Exhale to release your hands to either side of your body, finding Mountain Pose once more.


Warrior II (Left Side)

Warrior 2 2Take a big step back with your right foot, turning your right toes so that they're parallel to the back side of your mat. Turn your left toes in, take a bend in your left knee and draw your arms up so that they are parallel to the ground.

Settle into Warrior II glancing over your left fingertips. Remain here for three to five breaths.


Reverse Warrior (Left Side)

Reverse Warrior 2From Warrior II, inhale, dropping your right hand to your right leg, reaching your left hand up to the sky for Reverse Warrior. Reach back to stretch out the front of your body.


Warrior II (Right Side)

Warrior 2 1Draw your arms back parallel to the ground as you straighten both legs. Turn your right toes to face the front of your mat. Exhale as you bend your right knee, sinking into Warrior II on your right side.

Take three to five deep breaths, glancing over your right fingertips.


Reverse Warrior (Right Side)

Reverse Warrior 1Inhale as you draw your right arm to the sky for Reverse Warrior on your right side.

To come out, step your left foot lightly to the front of your mat to meet your right foot, releasing your arms to either side.


Tree Pose

Tree PoseDraw your hands to your hips and find your balance on your right foot, placing your left foot on your ankle, calf, or thigh. Find a place to focus your eyes as you reach your hands up to the sky. Balance here for three to five breaths.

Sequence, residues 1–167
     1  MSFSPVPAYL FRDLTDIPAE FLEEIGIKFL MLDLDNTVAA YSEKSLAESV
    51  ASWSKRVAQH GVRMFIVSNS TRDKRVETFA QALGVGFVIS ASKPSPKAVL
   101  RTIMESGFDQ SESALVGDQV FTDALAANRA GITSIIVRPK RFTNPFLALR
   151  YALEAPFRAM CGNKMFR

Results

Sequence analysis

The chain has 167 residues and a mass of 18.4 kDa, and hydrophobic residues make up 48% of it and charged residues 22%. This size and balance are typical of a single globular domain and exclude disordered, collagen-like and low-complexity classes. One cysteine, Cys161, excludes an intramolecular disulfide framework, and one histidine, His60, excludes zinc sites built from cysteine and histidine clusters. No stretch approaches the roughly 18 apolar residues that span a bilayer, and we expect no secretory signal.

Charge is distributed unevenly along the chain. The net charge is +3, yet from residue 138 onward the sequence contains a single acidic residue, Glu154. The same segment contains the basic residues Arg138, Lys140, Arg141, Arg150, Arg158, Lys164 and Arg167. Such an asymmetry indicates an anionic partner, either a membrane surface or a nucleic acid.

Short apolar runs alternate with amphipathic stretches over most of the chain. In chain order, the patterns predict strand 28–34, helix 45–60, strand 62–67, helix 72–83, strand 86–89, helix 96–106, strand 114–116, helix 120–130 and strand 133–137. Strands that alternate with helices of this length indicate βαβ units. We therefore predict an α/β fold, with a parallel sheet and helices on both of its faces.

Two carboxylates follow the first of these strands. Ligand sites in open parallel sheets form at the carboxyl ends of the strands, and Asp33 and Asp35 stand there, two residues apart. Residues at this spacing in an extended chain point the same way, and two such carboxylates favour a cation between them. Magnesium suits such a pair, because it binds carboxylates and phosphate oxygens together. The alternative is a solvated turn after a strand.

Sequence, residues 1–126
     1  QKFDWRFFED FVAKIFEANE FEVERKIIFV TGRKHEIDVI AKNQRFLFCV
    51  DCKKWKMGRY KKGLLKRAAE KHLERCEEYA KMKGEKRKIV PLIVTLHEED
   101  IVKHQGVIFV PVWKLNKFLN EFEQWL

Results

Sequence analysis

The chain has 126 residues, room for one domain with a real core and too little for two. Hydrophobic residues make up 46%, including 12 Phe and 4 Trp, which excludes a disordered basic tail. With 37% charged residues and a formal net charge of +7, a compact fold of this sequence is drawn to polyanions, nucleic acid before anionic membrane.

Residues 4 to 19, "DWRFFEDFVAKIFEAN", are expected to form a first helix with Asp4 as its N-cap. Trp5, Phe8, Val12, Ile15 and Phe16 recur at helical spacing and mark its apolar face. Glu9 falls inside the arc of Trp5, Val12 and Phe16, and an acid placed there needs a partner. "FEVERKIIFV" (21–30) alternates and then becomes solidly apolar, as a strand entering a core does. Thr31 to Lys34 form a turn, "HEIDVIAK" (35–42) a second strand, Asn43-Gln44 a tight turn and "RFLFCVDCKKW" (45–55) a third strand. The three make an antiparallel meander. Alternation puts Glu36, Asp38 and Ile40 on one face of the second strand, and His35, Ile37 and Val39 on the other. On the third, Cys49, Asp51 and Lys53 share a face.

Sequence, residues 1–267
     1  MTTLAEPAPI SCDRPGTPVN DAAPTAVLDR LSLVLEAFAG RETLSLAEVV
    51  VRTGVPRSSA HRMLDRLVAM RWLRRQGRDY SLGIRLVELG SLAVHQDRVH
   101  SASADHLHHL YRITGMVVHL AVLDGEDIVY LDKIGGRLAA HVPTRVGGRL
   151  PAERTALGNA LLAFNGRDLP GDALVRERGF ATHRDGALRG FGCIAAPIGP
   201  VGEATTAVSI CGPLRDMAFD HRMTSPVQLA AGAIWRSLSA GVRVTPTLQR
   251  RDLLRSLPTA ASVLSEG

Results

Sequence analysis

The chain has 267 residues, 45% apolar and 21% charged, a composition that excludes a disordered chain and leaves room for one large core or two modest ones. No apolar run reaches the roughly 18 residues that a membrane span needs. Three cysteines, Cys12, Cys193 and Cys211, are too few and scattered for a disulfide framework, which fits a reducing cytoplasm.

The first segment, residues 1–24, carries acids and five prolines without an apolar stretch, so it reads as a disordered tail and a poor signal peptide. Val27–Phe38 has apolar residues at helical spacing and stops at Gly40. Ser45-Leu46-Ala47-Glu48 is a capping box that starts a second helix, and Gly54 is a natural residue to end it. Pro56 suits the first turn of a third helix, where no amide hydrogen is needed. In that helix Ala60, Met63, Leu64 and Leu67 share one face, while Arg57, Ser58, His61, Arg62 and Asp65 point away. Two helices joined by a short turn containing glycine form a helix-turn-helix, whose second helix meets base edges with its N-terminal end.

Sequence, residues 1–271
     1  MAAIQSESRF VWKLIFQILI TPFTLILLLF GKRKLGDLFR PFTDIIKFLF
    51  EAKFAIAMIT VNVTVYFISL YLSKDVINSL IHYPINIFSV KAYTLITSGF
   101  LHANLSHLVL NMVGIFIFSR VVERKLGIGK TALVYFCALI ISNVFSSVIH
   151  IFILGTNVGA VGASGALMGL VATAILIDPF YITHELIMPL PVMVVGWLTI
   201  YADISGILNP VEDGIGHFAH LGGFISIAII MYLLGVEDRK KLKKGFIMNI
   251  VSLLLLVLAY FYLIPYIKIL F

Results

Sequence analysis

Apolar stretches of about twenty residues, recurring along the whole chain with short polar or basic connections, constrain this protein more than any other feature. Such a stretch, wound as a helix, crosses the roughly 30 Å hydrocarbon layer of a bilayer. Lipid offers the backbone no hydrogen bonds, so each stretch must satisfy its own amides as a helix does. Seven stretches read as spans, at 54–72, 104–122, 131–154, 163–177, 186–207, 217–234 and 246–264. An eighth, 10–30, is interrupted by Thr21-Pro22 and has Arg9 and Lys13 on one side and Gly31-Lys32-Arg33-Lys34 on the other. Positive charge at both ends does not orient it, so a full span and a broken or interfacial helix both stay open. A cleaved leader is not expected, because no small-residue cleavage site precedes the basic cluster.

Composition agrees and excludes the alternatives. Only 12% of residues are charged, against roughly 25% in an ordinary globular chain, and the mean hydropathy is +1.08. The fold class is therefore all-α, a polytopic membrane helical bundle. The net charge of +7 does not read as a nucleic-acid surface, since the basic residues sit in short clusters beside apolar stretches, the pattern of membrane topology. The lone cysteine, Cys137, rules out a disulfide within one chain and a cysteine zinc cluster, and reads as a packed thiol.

Be sure to keep your stomach engaged and maybe challenge yourself by waving your arms gently back and forth. Once you’re finished, slowly release your left foot to the ground and repeat Tree Pose on the other side.


Mountain Pose

Mountain PoseReturn to Mountain Pose, feet hip distance apart, hands together at your heart. Take a deep inhale reaching tall through the crown of your head. Close your eyes and take a few moments of mediation.

Focus your mind on one simple intention; this can be a word, quote, or even an image. Take this time at the end of your practice to imagine how you can take your intention off of your mat and into the world. End your practice by thanking yourself for stepping onto your mat.

This flow can be done once, or a few times in a row. Try to move through the poses slowly and concentrate on the subtle movements of your body. Enjoy the few moments of peace you gain from this 10-minute flow.

Most importantly, let your breath be your guide. Your inhale and exhale should move you into, through, and out of each pose.


Let’s face it, starting something new is hard. It’s a new challenge, but one that should be fun and invigorating; not stressful or intimidating. This is the beginning of a beautiful new journey in your life.

The learning curve will be steep, not only in the physical practice, but in mindfulness as well. Start slow, be patient, and find a practice that makes you happy to step on your mat!

How did you begin your yoga practice? How did you feel after your first class? What was your favorite style when you began, and is it still your favorite? Share with us below!